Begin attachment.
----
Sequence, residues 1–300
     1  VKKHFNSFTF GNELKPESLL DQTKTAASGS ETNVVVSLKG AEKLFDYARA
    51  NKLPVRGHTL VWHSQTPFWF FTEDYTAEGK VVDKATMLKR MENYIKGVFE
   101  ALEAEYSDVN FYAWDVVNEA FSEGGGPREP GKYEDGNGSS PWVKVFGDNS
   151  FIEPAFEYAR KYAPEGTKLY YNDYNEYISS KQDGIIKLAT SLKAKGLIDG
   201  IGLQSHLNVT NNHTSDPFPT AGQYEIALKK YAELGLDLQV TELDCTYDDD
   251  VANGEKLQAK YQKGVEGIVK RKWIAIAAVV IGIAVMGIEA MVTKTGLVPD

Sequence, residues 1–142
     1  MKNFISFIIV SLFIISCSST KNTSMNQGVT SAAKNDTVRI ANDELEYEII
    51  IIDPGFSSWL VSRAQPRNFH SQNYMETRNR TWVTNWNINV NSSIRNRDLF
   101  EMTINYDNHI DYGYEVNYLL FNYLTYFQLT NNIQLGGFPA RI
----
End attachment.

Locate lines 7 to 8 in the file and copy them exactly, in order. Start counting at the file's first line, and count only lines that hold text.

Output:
   251  VANGEKLQAK YQKGVEGIVK RKWIAIAAVV IGIAVMGIEA MVTKTGLVPD

Sequence, residues 1–142